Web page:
The Bay Ridge Model Railroad Club has been saved from near-death by a miniature-locomotive enthusiast, who has kindly laid the necessary track to move the tiny trains from its current home in Bay Ridge, Brooklyn, to the Trolley Museum in Kingston, New York.
Since 1949, three years after two local clubs merged to make the Bay Ridge Model Railroad Club, the cars have lived at 28 Marine Avenue. On February 15th, however, club members received a letter from their landlords saying they needed to "access tenants space to make certain repairs to the heat system for the property," and the club would need to vacate in order to clear a path for pipe work.
"It's been around over 70 years and just because it's not in a museum in Manhattan somewhere doesn't mean that it doesn't deserve the same fate," Mark Wolodarsky, a former club member who currently sits on the Trolley Museum's board, and who architected the trains' move to Kingston, told the Brooklyn Reporter. It's a rare set-up, he explained, noting that the system—which fills a 30-by-60-foot room—runs on a subway-like third rail, the last known system in the U.S. that operates this way.
Because of the model's hulking scale, transporting it roughly 118 miles presents logistical hurdles: The need to dismantle 100,000 miles of wiring that underpin the model and make it run; the need to chop it into pieces and move it out the door, something its makers never intended. "It's a very slow process because it was never meant to be taken apart," Wolodarsky told the Brooklyn Reporter. A GoFundMe page he launched in March has raised over $4,000 toward the effort (almost half of its $10,000 goal), on top of a $5,000 donation from the National Train Collector's Association.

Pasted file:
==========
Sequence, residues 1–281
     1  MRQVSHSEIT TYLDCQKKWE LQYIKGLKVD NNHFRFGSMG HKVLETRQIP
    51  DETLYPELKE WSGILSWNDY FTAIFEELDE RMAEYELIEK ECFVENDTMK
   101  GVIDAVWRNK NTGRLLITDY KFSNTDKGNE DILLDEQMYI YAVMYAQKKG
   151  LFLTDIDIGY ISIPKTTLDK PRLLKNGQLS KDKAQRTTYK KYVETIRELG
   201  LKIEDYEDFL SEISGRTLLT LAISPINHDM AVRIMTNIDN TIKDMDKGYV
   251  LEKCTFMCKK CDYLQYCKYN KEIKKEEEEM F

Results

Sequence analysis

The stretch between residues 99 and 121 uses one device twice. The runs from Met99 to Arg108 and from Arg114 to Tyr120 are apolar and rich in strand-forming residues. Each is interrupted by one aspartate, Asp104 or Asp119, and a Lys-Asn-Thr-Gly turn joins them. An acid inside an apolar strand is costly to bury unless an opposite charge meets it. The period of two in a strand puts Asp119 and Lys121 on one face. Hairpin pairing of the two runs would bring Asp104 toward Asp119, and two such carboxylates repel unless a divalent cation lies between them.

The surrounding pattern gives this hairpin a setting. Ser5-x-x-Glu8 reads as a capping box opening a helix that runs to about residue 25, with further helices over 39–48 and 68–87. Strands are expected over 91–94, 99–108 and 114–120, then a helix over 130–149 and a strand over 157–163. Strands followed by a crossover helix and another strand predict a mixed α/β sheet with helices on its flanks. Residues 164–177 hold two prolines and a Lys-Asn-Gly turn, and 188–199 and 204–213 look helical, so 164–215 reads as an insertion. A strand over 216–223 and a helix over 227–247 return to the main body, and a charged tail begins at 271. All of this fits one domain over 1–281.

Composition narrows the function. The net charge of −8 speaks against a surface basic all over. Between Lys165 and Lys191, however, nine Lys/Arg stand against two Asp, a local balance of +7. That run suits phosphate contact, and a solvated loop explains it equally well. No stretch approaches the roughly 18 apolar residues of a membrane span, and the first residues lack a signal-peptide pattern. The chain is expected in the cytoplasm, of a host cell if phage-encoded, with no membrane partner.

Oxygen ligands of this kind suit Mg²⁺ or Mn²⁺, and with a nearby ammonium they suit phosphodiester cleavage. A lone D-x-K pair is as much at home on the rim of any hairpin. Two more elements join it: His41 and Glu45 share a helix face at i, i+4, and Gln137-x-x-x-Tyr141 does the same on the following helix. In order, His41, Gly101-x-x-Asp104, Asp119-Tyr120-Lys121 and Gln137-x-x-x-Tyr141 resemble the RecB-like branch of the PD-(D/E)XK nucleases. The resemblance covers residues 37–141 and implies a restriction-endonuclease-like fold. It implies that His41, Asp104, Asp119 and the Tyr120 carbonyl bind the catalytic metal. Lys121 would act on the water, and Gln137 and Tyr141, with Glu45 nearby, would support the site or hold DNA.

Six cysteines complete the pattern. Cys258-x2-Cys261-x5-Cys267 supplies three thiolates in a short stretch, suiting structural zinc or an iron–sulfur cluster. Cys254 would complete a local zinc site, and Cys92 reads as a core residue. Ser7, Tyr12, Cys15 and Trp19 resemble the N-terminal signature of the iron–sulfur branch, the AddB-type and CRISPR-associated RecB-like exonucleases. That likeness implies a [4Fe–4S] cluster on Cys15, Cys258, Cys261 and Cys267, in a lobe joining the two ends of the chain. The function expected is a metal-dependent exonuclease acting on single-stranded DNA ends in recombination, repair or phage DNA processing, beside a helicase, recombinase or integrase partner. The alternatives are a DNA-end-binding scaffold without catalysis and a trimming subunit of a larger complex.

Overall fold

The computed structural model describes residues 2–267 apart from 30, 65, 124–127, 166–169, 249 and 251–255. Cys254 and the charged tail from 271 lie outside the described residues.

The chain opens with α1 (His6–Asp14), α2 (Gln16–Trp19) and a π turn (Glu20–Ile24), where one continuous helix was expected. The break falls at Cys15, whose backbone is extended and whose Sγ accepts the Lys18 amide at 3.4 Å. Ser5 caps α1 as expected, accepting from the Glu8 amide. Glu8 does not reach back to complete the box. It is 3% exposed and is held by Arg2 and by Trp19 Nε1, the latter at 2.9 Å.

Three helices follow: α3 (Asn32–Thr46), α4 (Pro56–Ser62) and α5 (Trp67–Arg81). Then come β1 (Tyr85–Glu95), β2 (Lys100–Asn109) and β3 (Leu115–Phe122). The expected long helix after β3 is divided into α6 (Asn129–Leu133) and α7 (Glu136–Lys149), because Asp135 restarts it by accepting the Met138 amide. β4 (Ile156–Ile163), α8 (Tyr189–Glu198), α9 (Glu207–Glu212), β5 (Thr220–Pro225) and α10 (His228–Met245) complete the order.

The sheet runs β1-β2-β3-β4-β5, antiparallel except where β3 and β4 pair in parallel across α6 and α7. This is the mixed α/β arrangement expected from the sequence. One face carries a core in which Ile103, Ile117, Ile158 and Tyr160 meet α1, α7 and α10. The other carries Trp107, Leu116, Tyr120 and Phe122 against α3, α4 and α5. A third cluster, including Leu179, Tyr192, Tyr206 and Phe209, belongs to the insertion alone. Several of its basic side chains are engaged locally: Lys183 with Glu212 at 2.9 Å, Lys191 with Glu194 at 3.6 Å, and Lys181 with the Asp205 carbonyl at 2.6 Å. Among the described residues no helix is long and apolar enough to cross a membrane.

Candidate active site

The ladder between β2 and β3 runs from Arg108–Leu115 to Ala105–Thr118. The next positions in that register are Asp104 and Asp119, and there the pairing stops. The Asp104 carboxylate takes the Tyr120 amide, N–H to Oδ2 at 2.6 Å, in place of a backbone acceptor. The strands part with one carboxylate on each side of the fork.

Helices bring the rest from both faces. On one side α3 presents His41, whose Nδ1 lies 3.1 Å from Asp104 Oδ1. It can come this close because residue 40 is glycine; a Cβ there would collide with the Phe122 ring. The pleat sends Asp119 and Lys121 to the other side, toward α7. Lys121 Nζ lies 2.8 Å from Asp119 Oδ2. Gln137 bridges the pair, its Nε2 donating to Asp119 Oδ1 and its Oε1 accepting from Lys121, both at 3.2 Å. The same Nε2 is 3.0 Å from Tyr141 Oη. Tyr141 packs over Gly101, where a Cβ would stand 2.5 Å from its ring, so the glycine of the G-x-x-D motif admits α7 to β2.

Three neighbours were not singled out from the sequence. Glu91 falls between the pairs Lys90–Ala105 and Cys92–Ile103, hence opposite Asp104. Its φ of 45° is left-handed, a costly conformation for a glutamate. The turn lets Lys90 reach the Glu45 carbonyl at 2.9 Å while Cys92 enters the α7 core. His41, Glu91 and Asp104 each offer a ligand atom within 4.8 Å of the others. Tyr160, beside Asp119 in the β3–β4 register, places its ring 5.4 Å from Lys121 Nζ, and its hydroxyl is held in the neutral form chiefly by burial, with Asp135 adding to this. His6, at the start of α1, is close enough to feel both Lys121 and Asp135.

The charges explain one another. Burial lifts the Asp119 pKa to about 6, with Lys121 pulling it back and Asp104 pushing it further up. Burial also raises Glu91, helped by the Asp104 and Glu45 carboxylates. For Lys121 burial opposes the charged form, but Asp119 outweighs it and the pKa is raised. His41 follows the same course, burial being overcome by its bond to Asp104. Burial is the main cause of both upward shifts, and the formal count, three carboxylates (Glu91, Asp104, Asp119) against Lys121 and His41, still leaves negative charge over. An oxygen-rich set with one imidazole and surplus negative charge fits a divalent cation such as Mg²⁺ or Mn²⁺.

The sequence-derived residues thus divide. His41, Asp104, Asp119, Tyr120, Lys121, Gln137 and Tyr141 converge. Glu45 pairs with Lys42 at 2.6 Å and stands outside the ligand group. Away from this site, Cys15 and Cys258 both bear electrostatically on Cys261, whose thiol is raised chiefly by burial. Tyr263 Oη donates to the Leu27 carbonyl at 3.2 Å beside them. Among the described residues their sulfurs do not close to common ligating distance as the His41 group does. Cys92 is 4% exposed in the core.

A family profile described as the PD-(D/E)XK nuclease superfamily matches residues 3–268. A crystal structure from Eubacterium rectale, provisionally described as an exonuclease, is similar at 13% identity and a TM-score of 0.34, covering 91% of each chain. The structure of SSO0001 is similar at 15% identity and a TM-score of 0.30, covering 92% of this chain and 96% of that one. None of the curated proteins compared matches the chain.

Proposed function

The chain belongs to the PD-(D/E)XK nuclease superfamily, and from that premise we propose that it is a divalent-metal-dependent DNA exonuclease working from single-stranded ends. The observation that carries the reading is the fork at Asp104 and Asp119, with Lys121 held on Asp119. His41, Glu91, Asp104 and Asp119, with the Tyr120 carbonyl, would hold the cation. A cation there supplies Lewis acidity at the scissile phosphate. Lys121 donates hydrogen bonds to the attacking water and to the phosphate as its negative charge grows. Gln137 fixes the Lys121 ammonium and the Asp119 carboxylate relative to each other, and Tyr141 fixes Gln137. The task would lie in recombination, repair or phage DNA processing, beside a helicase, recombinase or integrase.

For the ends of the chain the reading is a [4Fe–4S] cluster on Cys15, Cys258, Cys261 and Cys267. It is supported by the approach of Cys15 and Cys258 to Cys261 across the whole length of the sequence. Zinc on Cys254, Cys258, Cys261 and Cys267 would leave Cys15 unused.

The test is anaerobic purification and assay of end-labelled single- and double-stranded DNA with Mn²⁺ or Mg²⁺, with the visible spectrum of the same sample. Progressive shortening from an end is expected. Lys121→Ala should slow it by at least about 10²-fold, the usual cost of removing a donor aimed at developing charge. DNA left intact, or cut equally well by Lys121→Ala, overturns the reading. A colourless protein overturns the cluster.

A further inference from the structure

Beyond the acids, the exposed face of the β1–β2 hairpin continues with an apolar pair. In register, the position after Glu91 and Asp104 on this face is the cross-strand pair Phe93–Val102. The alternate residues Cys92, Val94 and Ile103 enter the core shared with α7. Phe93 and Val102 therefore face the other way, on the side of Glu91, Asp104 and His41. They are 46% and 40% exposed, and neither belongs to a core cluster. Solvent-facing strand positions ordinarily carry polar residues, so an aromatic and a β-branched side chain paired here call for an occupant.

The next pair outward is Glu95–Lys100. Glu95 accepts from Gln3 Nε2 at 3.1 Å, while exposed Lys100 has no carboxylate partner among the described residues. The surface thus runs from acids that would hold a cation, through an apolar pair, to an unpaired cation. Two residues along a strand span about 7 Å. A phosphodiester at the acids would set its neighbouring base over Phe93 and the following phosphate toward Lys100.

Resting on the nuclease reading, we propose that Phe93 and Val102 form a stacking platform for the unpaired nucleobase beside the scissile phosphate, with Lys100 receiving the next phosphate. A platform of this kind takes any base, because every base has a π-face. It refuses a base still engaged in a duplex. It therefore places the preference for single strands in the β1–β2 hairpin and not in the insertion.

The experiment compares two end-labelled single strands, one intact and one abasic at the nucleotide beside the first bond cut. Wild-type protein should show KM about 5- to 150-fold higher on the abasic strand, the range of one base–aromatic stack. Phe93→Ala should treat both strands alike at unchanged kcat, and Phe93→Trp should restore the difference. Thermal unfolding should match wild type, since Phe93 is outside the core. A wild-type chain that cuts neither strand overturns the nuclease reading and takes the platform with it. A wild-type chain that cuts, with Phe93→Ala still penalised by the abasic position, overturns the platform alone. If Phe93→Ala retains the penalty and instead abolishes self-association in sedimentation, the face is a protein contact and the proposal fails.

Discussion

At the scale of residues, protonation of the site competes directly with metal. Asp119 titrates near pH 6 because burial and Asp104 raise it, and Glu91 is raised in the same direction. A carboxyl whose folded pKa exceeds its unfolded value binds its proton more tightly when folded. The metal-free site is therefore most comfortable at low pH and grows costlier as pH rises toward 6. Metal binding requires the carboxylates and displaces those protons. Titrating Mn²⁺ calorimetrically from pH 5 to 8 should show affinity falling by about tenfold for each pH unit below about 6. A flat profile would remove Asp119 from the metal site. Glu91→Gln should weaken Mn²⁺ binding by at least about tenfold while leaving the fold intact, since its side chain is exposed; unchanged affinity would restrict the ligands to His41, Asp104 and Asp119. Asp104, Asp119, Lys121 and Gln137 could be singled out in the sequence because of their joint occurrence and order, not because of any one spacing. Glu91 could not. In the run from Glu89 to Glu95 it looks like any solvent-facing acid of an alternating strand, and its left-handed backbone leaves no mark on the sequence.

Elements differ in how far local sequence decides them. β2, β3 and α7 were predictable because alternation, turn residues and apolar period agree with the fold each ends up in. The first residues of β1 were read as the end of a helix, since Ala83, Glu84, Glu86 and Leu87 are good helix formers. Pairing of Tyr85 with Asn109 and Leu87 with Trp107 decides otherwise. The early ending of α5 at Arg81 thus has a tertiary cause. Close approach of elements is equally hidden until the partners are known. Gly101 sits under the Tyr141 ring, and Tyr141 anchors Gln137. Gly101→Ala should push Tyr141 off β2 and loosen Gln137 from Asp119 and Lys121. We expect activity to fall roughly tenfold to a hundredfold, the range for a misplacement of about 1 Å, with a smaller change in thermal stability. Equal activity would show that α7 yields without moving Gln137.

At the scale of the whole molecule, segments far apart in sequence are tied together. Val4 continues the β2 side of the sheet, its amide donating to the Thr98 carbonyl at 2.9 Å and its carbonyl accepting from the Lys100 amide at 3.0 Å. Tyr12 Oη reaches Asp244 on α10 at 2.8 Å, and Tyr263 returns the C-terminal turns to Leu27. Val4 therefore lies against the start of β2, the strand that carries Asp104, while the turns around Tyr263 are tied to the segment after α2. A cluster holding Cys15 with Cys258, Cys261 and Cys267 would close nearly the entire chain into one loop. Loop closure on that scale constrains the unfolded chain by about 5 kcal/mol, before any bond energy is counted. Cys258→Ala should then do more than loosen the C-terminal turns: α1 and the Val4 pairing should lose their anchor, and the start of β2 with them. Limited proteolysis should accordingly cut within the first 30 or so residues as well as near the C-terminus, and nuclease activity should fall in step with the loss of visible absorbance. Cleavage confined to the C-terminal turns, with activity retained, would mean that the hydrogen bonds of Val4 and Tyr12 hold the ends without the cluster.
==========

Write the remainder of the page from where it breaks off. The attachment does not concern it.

Gothamist co-founder Jake Dobkin visited the club in late March, and called the space "amazing, in a Being John Malkovich kind of way." It's currently housed in an unassuming residential building, he said; to reach it, you go down a back alley and a garbage ramp, traverse a trash area, pass through some unmarked basement doors, and:
Finally, you're in this enormous room with an 8' ceiling, just absolutely packed to the gills with tracks. Everything was clearly assembled with loving care by generations of model train fanatics, but had sort of fallen into dust and ruin. I crawled around under the tracks, and there were miles of wires, dozens of these decades-old control stations, and about two inches of dust and grime—people were staring at me when I got back on the train, because I was absolutely covered in it. Anyway, it was a great set in a really strange place and I'm glad they found a new home for it!
You can eventually visit this shrunken train universe at its new home upstate, but in the meantime, watch them locomote below: